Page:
A flexible fuel is a cocktail of ingredients -- literally, given that much of it usually consists of ethanol, the form of alcohol found in hard liquor -- that can run vehicles equipped with internal combustion engines that have been rated to use it. Flex fuels, as they're popularly known, can also be used in engines that haven't been rated for them, but it isn't recommended. Ethanol is also a solvent and if the flex fuel contains more than 10 percent ethanol (designated as E10), it will produce undesirable wear and tear. (By the way, flex fuels also aren't recommended for use as actual cocktails. Gasoline makes a deadly mixer.) On the other hand, if your vehicle is rated for E85 -- check the manual or the sticker inside the fuel door -- it can run on a mixture of 85 percent ethanol and 15 percent gasoline.
Flex fuels aren't new. Model-T Fords could run on ethanol as far back as 1908. Rising fuel prices and diminishing petroleum reserves brought ethanol blends back to attention in the 1970s. Now, there are 10 million flex-fuel vehicles in use in the United States and even more in Brazil, where 90 percent of all internal combustion engine vehicles use flexible fuel.
What's the advantage of flex fuel? For one thing, the reduced petroleum content helps preserve existing stores of fossil fuels. For another, it runs cleaner than pure gasoline, without as many contaminates. And the carbon emissions from the ethanol are no greater than the amount of carbon taken in by the plants from which it was distilled, so it's considered carbon neutral. And in some places (though not all) it's cheaper than regular gasoline.
What are the disadvantages? Flex fuel gets lousy mileage, so that cancels out a lot of that cheapness advantage. And the vegetation that goes into making ethanol could have been used as food, so ethanol production reduces the supply of certain foods (including ones used to feed animals raised for their meat) and increases the price (of some foods) to the consumer.
Still, if you're interested in saving the planet you live on and saving a little money in the process, you might want to give flexible fuel a try. And if you're a motorcyclist, you might want to use it in your motorcycle too. Well, you can, though you just might have to import your bike from Brazil. Let's look at some of the bikes that are available...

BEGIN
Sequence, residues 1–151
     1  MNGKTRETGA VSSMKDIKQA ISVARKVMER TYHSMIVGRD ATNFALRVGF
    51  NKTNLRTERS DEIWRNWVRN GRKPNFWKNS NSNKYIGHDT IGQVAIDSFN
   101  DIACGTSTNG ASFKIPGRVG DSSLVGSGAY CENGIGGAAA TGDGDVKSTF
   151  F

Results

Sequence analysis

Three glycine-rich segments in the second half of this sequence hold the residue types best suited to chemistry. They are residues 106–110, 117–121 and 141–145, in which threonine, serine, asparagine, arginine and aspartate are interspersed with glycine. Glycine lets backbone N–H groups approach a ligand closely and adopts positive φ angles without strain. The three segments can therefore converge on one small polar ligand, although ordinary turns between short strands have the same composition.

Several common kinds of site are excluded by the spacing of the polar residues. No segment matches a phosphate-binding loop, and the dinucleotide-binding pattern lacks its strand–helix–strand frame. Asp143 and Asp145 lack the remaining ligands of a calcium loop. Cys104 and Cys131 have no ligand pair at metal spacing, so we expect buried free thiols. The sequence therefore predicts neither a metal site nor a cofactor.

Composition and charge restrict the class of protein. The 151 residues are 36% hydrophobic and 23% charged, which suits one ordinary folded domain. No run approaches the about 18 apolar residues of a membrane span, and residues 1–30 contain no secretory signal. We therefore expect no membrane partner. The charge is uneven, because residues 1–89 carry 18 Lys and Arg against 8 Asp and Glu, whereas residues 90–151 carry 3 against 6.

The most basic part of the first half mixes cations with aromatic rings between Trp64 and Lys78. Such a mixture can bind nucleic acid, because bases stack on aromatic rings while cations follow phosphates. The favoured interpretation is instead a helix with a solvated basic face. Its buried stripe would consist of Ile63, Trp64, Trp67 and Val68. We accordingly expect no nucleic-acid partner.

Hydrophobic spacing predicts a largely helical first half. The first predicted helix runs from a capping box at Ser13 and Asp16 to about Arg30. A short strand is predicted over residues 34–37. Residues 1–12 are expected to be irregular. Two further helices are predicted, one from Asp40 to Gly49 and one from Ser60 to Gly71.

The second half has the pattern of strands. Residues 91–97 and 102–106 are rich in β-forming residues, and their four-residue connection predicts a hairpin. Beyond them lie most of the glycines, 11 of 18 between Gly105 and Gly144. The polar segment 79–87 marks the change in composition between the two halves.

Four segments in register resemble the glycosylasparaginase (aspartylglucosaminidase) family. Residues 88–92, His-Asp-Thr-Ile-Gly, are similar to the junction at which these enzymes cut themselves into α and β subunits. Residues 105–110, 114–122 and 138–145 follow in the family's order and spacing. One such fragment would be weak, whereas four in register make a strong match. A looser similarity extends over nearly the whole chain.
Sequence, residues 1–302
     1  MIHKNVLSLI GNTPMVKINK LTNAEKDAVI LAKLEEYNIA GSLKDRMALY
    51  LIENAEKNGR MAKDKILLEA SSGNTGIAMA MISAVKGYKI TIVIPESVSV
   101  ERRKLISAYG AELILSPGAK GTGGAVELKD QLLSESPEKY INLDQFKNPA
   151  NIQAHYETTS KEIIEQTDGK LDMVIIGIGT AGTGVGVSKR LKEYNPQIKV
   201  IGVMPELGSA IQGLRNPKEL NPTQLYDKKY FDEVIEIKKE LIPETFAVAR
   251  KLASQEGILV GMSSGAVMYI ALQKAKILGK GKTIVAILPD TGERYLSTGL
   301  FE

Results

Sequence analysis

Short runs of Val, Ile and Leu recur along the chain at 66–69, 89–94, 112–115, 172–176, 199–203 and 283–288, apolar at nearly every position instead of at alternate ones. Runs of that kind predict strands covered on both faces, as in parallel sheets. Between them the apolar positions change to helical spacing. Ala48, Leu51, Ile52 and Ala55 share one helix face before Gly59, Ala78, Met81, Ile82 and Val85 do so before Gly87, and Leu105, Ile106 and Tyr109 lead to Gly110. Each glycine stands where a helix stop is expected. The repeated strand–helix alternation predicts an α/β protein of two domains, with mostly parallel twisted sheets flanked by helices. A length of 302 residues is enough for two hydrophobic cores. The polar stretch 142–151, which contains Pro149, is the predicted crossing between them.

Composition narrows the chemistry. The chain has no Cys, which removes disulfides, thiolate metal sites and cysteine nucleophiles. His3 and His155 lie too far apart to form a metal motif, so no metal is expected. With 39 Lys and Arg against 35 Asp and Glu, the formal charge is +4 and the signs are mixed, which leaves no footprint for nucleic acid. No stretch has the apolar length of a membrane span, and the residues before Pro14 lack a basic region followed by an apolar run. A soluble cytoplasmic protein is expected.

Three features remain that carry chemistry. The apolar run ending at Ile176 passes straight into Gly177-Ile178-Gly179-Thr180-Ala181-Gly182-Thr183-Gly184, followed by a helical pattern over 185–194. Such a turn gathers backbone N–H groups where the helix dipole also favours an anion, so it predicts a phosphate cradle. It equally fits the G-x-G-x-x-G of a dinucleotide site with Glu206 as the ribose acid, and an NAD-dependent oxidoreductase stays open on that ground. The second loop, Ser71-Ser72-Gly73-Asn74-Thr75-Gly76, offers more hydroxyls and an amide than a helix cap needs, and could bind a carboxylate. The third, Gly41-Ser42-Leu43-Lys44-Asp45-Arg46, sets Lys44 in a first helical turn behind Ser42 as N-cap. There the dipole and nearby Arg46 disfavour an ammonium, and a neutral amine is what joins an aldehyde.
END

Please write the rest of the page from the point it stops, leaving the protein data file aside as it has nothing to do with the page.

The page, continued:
They've got an Awful Lot of Ethanol in Brazil
Given how crazy Brazilians are about flexible fuel vehicles, it's amazing that there weren't any flex-fuel motorcycles available there (or anywhere else) until 2009. That's when Honda launched the CG150 Titan Mix, with Honda's patented Mix Fuel Injection System. What makes the Mix Fuel Injection System different from other systems is that it doesn't just let the bike use the standard E10 (10 percent ethanol) and E85 (85 percent ethanol) mixtures that most flex fuel engines use. It can use almost any mixture of ethanol and alcohol, up to 100 percent ethanol, by monitoring the oxygen content of the bike's exhaust and detecting what percentage of gasoline and ethanol the engine is receiving, and then adjusting engine function to take advantage of the exact percentages. Because of problems using ethanol in cold weather, a warning light tells the rider to adjust the system for a special cold-weather mix to prevent the fuel from freezing.
The Titan Mix, which runs at 14.3-horsepower at 8,500 rpm on pure ethanol, proved to be just the first in a line of flexible fuel motorcycles from Honda:
- NXR 150 Bros Mix, an on-off road bike that runs at 14-horsepower at 8,000 rpm on pure ethanol
- GC 150 Fan Flex, which runs at 14.3-horsepower at 8,500 rpm on pure ethanol
- BIZ 125 Flex, which runs at 9.1-horsepower at 7,500 rpm on pure ethanol
And if you're not up to the challenge of importing a motorcycle from Brazil, there's a do-it-yourself option available. Oddly, flex fuel bikes don't seem to have caught on (yet) outside Brazil, but it's possible to retrofit your own motorcycle for flex fuel with higher ethanol content than 10 percent. A company called Change2E85.com claims to have a conversion kit available that will convert a motorcycle to full flex fuel compatibility.
We all know that alternative fuels are the wave of the future, but flex fuels are here now. So for those of us who don't live in Brazil, why is it so hard to find a motorcycle that runs on variable mixes of ethanol? This may have to do with the reduced mileage of ethanol, which has reduced its popularity, or at least its availability throughout much of the developed world. But if you're an environmentally conscious biker, you might consider writing Honda and asking them if they'll make their flex-fuel bikes available in the U.S.
- Bio-Brazil. "Ethanol Fuel in Brazil." (Sept. 19, 2012) http://www.bio-brazil.org/
- Change2E85.com. "Converting a Motorcycle to Flex Fuel." (Sept. 19, 2012) http://www.change2e85.com/servlet/Page?template=MCconversion
- EcoGreen4Us.com. "4 Latest Green Powered Honda Motorcycles." (Sept. 19, 2012) http://www.ecogreen4us.com/stories/green-technology-stories/green-honda-motorcycles/
- Honda. "Flexible Fuel Technology Motorcycles." (Sept. 19, 2012) http://world.honda.com/FlexibleFuelTechnology/Motorcycles/index.html
- Honda. "Honda Begins Sales of Flex Fuel Motorcycle CG150 TITAN MIX in Brazil." (Sept. 19, 2012) http://world.honda.com/news/2009/c090311CG150-TITAN-MIX-in-Brazil/index.html
- Ride Texas. "The High-Tech Bike: The Ethanol Story." (Sept. 19, 2012) http://ridetexas.com/Dynamic/4012/the-high-tech-bike-the-ethanol-story/